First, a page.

Playlist: Sweet Alabama's All-New Gospel

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Byline: Jeff Magill & Gary Gilliland

POP music could easily be accused of churning out the same pap time and time again. In an industry bursting with Pop Idol wannabes singing cover versions, you could be forgiven for thinking originality and innovation are a thing of the past.

However, in the wide ocean of pop monotony, there is a glimmer of hope on the horizon in the shape of Brixton collective Alabama 3.

With a name inspired by the Alabama Two - two black men, whose hanging after allegedly raping a white woman became a symbol for the miscarriage of justice - it is evident that this is no ordinary pop band.

After it's founding members Jake Black (The Very Reverend Dr Wayne Love) and Rob Spragg (Larry Love) met at an acid house party in the height of the heaving rave scene, they joined forces to build a band (which now consists of eight members) with a difference. Fusing techno beats with country, gospel, pop and blues, set to lyrics concerning everything from religion, politics and clubbing, Alabama 3 have won a legion of fans over the globe.

On Monday, the band released their third album Power In The Blood and on November 22, they will play the Empire Music Hall, Belfast, for what promises to be a memorable gig.

"There's a bit of everything in what we do," says Glaswegian Jake, one of the band's two vocalists. "There's pantomime in the gigs and all that. There's a lot of messing about and a lot of silly patter. But that's because that's the way we like it. When we do gigs and stuff, it's an amusing night out for us and the people who come along like it as well."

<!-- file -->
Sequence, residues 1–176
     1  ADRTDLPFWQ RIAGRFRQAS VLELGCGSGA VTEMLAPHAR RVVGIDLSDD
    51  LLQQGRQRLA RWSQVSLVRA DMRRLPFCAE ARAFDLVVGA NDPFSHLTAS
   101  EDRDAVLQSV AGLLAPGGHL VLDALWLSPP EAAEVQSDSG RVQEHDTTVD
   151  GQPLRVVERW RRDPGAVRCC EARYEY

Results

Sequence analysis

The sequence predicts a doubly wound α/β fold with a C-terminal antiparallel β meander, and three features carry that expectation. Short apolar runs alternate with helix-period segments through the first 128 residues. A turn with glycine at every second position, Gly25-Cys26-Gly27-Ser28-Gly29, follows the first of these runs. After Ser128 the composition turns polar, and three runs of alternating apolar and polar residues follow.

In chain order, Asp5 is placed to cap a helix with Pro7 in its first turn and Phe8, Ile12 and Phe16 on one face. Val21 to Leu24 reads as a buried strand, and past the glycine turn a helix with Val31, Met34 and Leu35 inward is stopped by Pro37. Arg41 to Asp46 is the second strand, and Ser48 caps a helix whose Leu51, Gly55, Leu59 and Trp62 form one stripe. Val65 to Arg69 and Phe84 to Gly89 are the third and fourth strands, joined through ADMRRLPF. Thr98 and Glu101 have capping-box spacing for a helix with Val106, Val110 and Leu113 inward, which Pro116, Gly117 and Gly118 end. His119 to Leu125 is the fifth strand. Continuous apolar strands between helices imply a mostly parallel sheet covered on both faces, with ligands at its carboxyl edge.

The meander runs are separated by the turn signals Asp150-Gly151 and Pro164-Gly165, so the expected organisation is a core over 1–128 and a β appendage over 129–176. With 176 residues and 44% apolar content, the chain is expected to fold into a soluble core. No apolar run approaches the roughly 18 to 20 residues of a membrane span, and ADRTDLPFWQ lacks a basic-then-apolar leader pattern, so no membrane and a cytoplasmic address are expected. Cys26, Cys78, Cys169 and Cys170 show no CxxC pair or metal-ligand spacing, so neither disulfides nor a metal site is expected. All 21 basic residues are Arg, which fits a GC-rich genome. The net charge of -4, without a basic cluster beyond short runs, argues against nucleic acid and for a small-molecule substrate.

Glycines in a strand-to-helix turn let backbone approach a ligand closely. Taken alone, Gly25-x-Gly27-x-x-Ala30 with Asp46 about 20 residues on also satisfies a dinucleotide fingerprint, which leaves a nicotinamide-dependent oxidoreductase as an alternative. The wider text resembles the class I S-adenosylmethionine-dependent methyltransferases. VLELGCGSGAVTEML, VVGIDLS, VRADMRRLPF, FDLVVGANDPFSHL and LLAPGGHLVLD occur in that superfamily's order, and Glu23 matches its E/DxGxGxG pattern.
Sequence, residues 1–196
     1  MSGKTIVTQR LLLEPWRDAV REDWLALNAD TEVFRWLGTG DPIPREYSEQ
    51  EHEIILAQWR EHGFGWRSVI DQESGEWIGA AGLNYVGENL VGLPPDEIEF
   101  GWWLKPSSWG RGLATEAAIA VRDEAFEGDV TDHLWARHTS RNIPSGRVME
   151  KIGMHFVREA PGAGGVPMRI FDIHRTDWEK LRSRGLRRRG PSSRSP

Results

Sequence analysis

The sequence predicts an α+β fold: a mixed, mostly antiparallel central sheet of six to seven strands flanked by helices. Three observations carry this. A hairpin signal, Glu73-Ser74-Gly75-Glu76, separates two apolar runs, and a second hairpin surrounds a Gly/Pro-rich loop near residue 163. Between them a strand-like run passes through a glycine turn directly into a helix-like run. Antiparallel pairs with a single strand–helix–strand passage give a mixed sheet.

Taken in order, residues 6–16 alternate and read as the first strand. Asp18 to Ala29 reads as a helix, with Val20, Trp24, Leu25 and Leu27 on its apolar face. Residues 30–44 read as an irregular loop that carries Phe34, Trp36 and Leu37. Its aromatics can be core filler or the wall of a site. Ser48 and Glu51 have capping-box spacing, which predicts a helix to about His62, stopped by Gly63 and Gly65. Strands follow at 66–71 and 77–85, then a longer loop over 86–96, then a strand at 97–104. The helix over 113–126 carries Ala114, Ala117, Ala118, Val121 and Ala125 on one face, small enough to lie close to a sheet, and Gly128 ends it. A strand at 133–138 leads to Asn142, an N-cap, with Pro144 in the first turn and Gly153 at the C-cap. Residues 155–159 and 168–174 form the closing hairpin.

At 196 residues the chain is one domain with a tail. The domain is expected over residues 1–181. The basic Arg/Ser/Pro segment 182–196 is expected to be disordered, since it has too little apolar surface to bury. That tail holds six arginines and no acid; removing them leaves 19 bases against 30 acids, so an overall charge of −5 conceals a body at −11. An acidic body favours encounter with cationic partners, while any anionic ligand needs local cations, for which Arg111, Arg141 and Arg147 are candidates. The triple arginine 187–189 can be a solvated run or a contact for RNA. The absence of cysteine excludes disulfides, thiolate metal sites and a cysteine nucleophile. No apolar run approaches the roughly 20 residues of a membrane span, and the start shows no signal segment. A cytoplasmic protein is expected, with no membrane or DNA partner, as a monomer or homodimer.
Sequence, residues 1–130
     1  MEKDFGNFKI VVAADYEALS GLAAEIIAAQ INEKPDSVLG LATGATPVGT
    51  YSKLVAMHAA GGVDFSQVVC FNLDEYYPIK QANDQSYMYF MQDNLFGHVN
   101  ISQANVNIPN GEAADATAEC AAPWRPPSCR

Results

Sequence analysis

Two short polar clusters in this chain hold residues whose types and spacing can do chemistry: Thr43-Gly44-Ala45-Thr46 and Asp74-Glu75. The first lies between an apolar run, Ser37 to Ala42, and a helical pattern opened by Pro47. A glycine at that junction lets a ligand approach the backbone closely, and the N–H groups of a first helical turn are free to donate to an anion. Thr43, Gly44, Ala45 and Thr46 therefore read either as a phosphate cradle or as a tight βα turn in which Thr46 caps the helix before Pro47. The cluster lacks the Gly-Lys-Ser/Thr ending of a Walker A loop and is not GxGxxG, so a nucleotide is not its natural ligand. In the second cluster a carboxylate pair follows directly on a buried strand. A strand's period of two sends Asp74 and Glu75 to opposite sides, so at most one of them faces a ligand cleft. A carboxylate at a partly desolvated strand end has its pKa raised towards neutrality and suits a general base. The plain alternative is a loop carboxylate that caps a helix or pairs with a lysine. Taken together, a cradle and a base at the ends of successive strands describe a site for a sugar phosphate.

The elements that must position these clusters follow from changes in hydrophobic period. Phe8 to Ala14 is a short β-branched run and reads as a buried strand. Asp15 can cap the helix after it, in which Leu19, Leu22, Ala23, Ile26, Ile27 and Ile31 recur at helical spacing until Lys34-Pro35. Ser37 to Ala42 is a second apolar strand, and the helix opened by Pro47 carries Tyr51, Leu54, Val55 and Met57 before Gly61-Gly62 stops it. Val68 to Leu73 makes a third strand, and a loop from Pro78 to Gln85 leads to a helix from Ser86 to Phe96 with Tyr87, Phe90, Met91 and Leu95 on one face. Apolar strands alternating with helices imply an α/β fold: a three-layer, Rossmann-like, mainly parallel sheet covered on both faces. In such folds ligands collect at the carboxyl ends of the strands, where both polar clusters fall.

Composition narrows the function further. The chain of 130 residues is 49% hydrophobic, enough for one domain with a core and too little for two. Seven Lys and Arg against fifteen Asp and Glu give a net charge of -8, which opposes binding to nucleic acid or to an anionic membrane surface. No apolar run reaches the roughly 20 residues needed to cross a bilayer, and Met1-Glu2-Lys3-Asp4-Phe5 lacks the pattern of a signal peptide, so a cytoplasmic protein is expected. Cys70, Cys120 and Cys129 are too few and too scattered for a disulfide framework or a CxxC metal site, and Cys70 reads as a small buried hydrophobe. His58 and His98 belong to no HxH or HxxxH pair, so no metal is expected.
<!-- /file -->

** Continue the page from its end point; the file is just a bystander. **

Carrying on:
While the band had built up a cult following after the release of their debut album Exile On Coldharbour Lane, gaining such high-profile fans as author Irvine Welsh, it was when their song Woke Up This Morning was used as the theme tune to the hit US series The Sopranos that they really grabbed the public's attention.

According to Jake, Woke Up This Morning being used in the series was an ironic pop moment.

"There's a bit of irony in there. That's a song about a woman who is being battered stupid by her husband everyday for eight years. It's about a woman called Sara Thornton, who changed the laws in this country, regarding that.

"Basically, there's a programme, which has done more for the mafia's image than anything in the past 25 years, since The Godfather, then there's us - a lot of armchair reds - and here we are dossing the biggest union b******s in the world. But these ironies always come along in pop music. …